Richard Brown continues his retrospective look at one of the great military firearms enigmas, the Personal Defence Weapon or PDW.
As previously mentioned, in the late 1980s NATO came up with a revised requirement for a new breed of weapon to tackle the threat from the Warsaw Pact. A few select, NATO-trusted, small arms manufactures were given a rare clean slate to design a radical new platform with very specific requirements. Out of these complex requirements two highly innovative weapons systems were developed – the 4.6mmx30 Heckler & Koch MP7A1 and the 5.7mmx28 FN Herstal P90.
The MP7 was marketed as an unique tool which could do the job of both a pistol and an assault rifle. It could be fired one-handed due to its low, 1.9kg, weight and almost negligible recoil. It could also quickly be extended to a comfortable polymer SMG/AR-style weapon.
Internally, the weapon was familiar to users of the HK416. The bolt was a conventional Stoner Rotating model and the short stroke piston was quick and efficient. A major user soon became the UK MOD Police who bought several thousand MP7-SF, single fire only, models in the middle of the last decade which phased out the double carrying of a Browning 9mm and an SA80 5.56mm.The MP7 should have sold incredibly well, and some users are still keen on it, but the platform never caught on the way everyone thought it would. There was nothing fundamentally wrong with the weapon; if anything, it did the job too well. The main issue was the huge power of the round and lack of availability. The ball round was the most common and cheapest, but it displayed significant penetrative powers, too much power for safe urban use in most Law Enforcement environments. Militarily, the weapon was liked but again the ammunition was its Achilles Heel. Other than elite SF units who had better resources, the availability of 4.6mm ammunition could never be guaranteed. I recall discussing the weapon in some detail with two military helicopter pilots. They carried MP5Ks in their cockpit as last-ditch defensive weapons and they genuinely liked the specifications and capability of the MP7. They conceded that it did (on paper) appear to be a far better survival weapon offering greater capability. However, they observed that when the 40 rounds of 4.6mm they could carry were expended then the weapon would become useless. At least with the older, less capable, MP5 there was always the chance of finding more 9mm ammunition to replenish the magazines. It was a difficult point to argue.
The MP7 is still in Heckler & Koch’s portfolio and sells in limited quantities to elite forces looking for a highly capable SMG, and that’s the key; it is viewed by users now as an SMG.FN P90
FN’s offering for the NATO trial was the P90 and, other than a small highly penetrative round, the weapon bore no resemblance to the MP7 – indeed it bore no resemblance to any previous small arm in history. If a NATO critical success factor had been radical design the P90 would have won hands down.
The P90 is a single moulded polymer lower receiver unit with a small metal upper unit which incorporates an optical sight. The weapon uses a top mounted 50-round polymer magazine and has a selector switch on the forward element of the hand guard offering semi-automatic and sustained fire. Again, the diminutive ultra-high velocity round produces virtually no recoil.The magazine stores the rounds transversely and rotates them through 90 degrees dropping them into the breech. The empty cases are then ejected directly downward. When users first see a P90 a common reaction is that it will not be comfortable but nothing could be further from the truth. It is a very comfortable and instinctive weapon which naturally falls into the hands and shoulder. It is a good idea to find a hand grip that works and stick with it – I have seen three hugely experienced military shooters hold the same P90 in three different ways. It is safe to say that the P90 PDW has also not been a huge commercial success for FN. It faced the same issues as the MP7. Ammunition was only made by one supplier and was fiercely expensive. The 5.7mm bullet also displayed significant penetrative capability, which greatly reduced the number of professional end users who were comfortable carrying the weapon. Not everyone liked the radical design and quickly the upper had to change to incorporate a Picatinny rail as the deficiencies of the built-in sight became known and users demanded red dots.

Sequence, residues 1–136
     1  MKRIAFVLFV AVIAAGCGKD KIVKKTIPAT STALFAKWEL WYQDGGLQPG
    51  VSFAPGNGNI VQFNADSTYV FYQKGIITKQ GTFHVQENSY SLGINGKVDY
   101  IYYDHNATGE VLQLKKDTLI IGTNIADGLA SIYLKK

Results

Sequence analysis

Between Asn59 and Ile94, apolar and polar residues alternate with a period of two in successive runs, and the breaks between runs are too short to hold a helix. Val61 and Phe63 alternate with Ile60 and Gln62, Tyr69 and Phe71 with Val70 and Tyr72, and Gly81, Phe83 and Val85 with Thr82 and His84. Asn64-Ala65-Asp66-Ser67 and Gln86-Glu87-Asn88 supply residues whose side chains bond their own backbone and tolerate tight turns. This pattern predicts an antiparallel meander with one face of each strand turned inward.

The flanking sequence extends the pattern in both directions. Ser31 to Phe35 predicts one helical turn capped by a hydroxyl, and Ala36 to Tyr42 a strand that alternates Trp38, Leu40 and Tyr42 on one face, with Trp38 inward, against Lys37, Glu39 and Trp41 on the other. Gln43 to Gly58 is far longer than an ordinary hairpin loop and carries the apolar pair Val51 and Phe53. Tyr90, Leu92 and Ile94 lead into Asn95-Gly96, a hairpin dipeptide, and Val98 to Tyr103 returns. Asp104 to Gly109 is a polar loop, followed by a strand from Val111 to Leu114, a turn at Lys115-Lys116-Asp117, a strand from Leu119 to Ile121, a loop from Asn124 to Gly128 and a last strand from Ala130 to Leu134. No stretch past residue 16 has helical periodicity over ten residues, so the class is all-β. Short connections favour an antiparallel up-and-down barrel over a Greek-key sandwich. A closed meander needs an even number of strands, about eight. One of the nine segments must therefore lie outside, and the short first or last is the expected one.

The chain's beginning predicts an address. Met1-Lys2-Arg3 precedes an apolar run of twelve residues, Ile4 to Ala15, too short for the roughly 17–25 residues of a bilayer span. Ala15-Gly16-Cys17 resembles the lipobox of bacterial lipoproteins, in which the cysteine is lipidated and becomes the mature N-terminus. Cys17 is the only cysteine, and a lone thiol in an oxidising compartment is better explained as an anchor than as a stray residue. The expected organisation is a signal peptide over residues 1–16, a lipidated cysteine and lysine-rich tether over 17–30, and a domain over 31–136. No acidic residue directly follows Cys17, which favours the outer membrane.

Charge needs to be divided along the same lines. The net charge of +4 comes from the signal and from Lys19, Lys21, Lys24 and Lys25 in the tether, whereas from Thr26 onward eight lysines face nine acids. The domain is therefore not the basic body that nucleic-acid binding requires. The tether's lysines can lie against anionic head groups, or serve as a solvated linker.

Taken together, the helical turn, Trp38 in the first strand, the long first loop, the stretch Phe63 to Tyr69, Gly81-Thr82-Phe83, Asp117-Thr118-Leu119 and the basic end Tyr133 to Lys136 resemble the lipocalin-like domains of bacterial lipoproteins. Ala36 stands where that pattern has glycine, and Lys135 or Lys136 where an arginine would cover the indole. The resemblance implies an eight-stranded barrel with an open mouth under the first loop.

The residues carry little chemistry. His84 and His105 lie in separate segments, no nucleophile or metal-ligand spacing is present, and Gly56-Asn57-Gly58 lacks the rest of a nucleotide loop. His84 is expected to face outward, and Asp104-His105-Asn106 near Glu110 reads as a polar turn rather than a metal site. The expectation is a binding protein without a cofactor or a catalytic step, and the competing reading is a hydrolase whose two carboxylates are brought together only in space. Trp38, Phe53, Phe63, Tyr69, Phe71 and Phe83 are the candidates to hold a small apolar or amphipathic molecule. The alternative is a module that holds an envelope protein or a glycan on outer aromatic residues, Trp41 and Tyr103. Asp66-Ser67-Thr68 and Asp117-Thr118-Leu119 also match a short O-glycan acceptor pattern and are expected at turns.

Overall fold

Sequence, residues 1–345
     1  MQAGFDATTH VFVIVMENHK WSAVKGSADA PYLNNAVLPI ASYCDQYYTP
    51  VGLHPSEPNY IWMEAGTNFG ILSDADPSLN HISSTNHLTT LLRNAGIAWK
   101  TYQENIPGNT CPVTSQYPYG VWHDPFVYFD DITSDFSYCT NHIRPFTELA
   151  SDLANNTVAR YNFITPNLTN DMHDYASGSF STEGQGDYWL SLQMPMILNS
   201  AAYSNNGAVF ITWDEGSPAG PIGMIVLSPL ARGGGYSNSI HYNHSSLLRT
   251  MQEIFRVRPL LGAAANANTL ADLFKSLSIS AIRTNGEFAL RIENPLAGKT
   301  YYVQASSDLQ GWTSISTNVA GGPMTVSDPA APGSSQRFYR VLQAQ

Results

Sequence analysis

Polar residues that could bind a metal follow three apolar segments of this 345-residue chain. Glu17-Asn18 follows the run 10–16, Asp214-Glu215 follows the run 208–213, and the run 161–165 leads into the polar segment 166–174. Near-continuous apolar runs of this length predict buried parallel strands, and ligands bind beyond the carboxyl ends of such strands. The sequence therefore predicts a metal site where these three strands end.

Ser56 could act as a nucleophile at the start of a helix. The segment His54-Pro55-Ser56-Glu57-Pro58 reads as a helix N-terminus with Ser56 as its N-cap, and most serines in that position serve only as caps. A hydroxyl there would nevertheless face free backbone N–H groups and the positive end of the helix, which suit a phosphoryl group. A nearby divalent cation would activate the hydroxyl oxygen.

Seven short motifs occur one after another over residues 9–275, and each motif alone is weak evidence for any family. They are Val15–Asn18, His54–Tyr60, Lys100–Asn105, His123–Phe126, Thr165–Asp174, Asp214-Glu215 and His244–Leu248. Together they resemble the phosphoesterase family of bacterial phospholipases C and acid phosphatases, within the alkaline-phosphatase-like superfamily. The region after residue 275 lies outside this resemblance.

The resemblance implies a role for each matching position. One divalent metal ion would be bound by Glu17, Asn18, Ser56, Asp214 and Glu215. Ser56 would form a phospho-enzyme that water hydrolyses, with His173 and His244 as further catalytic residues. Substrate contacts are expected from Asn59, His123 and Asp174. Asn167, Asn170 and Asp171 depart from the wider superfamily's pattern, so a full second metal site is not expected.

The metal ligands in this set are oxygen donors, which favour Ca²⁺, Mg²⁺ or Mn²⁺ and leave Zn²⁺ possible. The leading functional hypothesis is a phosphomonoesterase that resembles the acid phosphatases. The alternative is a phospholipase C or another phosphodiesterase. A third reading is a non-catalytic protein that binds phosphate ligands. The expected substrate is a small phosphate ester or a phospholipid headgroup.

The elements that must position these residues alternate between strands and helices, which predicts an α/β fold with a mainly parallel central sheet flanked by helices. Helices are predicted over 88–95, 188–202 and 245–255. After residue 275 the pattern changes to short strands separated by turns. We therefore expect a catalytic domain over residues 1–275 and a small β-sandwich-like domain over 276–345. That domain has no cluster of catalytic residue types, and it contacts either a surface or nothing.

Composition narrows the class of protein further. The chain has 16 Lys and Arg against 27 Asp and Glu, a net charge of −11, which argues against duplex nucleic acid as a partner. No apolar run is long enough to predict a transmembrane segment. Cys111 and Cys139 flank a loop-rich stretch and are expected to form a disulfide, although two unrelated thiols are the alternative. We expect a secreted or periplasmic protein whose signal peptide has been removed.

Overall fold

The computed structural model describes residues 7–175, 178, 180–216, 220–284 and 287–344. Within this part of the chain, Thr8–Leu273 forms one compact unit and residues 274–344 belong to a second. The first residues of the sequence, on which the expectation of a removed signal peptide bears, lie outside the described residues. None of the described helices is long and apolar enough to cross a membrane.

Like the MP7, the P90 is still in FN Herstal’s portfolio and is shown at defence shows but it is far from the front of the stand and no longer takes pride of place. However, some high profiler users still swear by it. If you take a walk round the grounds of The White House in Washington DC you will soon be confronted by a P90 as the US Secret Service deploy with it.
If you had to make a tactical choice between the two NATO weapons it would be tough. In their own way both are brilliant, highly capable, innovative, platforms. Crucially both delivered exactly what NATO wanted but by the time the weapons were fully operational the requirement had begun to die away, just like the Cold War.
They are now an anachronism of the Cold War and have little scope to evolve. Hence the 2018 P90s and MP7s are fundamentally identical to their original 1990s prototypes. Both platforms were built for a very specific job and that job really no longer exists.
They will however always be fascinating small arms which arguably took gun design to its very limit and for that attribute alone they deserve our professional respect as operators.
¤ Richard Brown is a UK based independent small arms technical consultant and operator trainer.